27 Jun 5 Reasons to Move to a Small Town
A recent article in New York Magazine was titled “5 Reasons Cities are Getting Better, and Everywhere Else is Getting Worse”. According to the author, Kevin Roose, “choosing to live outside a major city is tantamount to opting to live in the past.” Seriously?
Now, I don’t mind that city-folk are proud of their backyards. I would expect nothing less. But, this type of tunnel vision stems, in my opinion, from a lack of understanding of:
1) the ample resources already in rural and small towns that draw new residents,
2) how many Americans crave more elbow room than our densely populated cities can provide, and
3) how tech’d up many of us living outside the “Cities” already are.
So, in the interest of providing some counterpoint, here are my 5 reasons Why Rural and Small Town Living Beats Big, Crowded Cities:
Our Neighbors Actually Know Each Other.
Rural and small communities are full of people who are barely one degree of separation apart. If there’s someone you want to meet in a small town, you already know someone who can make that happen.
Everybody’s Famous In A Small Town.
Not only do you know your neighbors, but they know you. And your kids. And your spouse. And probably your dog. That means that you’ll be asked to participate in activities that fit your skill set and it’s a lot easier to manage life’s demands, particularly for families. It also means that there’s usually someone you can call on to help in the event you need it.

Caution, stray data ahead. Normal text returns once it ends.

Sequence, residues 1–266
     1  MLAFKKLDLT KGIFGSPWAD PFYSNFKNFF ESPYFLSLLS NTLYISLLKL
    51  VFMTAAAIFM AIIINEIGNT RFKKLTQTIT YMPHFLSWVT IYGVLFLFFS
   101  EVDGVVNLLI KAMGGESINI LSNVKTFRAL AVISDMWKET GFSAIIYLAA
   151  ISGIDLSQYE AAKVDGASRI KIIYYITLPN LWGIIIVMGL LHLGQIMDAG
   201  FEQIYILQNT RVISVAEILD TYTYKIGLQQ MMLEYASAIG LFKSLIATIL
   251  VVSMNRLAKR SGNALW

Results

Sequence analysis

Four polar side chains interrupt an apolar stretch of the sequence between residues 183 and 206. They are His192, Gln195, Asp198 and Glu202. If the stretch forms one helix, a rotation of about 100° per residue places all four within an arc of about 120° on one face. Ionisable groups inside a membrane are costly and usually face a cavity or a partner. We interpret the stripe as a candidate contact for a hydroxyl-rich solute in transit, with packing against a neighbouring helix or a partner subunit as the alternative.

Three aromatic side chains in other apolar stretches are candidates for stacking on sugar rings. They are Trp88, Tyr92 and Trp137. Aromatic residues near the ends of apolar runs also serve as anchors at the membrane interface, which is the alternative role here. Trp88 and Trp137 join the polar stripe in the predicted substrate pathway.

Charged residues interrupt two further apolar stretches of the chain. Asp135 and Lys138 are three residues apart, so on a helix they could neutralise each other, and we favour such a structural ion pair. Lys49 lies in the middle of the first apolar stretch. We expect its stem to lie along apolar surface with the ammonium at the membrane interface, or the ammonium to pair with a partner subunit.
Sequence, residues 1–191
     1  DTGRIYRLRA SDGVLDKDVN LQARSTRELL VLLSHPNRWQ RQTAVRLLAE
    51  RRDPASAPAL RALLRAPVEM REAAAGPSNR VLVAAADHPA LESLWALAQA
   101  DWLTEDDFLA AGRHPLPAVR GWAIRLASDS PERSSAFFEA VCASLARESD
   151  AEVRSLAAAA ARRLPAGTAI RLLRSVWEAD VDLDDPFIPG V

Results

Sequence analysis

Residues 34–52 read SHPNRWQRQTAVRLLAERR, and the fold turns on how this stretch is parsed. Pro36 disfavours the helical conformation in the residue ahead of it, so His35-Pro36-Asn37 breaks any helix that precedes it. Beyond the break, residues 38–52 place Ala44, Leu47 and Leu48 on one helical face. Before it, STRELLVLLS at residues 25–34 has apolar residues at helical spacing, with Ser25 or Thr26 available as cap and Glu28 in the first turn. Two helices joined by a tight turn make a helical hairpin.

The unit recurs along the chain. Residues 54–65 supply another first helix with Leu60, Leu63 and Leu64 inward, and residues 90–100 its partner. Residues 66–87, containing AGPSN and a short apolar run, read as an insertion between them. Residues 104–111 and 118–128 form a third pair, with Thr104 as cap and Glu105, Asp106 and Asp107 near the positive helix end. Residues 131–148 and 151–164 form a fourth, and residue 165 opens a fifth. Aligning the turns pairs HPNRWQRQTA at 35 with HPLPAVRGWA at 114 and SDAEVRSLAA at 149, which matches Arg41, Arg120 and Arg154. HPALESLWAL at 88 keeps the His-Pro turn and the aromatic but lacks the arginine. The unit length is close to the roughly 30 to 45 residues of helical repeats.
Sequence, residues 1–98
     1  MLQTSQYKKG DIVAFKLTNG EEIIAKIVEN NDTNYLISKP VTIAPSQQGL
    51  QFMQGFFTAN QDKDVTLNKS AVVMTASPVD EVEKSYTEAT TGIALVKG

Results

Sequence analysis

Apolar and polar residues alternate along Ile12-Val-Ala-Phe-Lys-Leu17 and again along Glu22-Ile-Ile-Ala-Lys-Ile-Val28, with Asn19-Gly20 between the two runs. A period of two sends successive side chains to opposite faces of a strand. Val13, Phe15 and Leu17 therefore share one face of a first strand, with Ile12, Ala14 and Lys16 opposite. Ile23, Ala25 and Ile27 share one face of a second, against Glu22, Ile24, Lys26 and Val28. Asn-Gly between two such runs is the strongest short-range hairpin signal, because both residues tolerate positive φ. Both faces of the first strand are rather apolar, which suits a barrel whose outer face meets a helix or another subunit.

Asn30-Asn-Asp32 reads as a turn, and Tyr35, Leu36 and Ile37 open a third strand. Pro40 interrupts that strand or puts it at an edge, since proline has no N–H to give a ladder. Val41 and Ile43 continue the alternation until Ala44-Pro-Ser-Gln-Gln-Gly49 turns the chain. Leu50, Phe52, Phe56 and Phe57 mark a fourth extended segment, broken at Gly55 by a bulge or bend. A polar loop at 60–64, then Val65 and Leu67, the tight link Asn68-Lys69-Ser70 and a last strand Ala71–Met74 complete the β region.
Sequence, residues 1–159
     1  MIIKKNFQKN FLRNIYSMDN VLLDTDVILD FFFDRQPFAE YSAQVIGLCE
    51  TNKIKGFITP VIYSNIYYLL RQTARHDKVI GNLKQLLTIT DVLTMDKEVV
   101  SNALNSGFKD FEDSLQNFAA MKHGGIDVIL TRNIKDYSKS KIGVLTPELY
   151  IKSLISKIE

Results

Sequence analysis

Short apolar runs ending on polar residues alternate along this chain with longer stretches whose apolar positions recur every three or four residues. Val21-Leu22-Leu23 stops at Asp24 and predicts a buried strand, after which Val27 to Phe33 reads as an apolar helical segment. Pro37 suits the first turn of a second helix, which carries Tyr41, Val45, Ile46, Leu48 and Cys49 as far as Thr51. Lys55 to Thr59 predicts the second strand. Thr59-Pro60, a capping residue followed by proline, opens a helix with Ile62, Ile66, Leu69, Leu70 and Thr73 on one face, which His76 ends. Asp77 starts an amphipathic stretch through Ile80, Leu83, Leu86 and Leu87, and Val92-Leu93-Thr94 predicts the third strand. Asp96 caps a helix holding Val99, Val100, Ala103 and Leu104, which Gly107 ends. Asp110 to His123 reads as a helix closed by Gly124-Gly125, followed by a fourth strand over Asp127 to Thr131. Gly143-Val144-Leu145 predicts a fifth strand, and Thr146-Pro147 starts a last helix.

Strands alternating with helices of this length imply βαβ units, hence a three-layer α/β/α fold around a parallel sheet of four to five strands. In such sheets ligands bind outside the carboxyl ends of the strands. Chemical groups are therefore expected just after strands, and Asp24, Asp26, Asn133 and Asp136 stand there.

Space breeds creativity, creativity spurs innovation, and innovation builds prosperity. This is where technology has been a game changer. Pre-internet, opportunities tended to be limited to the back yard, but not anymore. Now, as a result of e-commerce, remote health, and distance learning, entirely new opportunities are sprouting up everywhere, even in rural and small towns. Maybe that explains why 98% of U.S. counties have at least one high-tech business?
It’s amazing what a walk in some clean, quiet air can do to clear the mind and unleash new thoughts and energy. Try that in one of those fab Big Cities.
I’ve noticed many of my friends in big cities love to discuss “the environment”. I’ve also noticed how few of them actually spend much time outdoors. For most of us in rural and small places, the outside is often where we go for entertainment. Not the mall, not the movies, not the museum. Just outside.
We haven’t even begun to talk about the number of people who have started successful tech companies or the innovators who are building alternative energy solutions or the creatives who are writing and performing out here in rural and small towns. We also haven’t addressed the can-do spirit, brain sex, and lower income disparity that characterize rural and small towns, because I’ve written about all of that before. If you happened to miss it, here you go!
I know it must be so hard to imagine that all of this happens without Uber and an official “innovation hub”. But we get by. If your Big City ever gets too crowded, loud, or impersonal for you, check us out. We’ll leave a light on for you.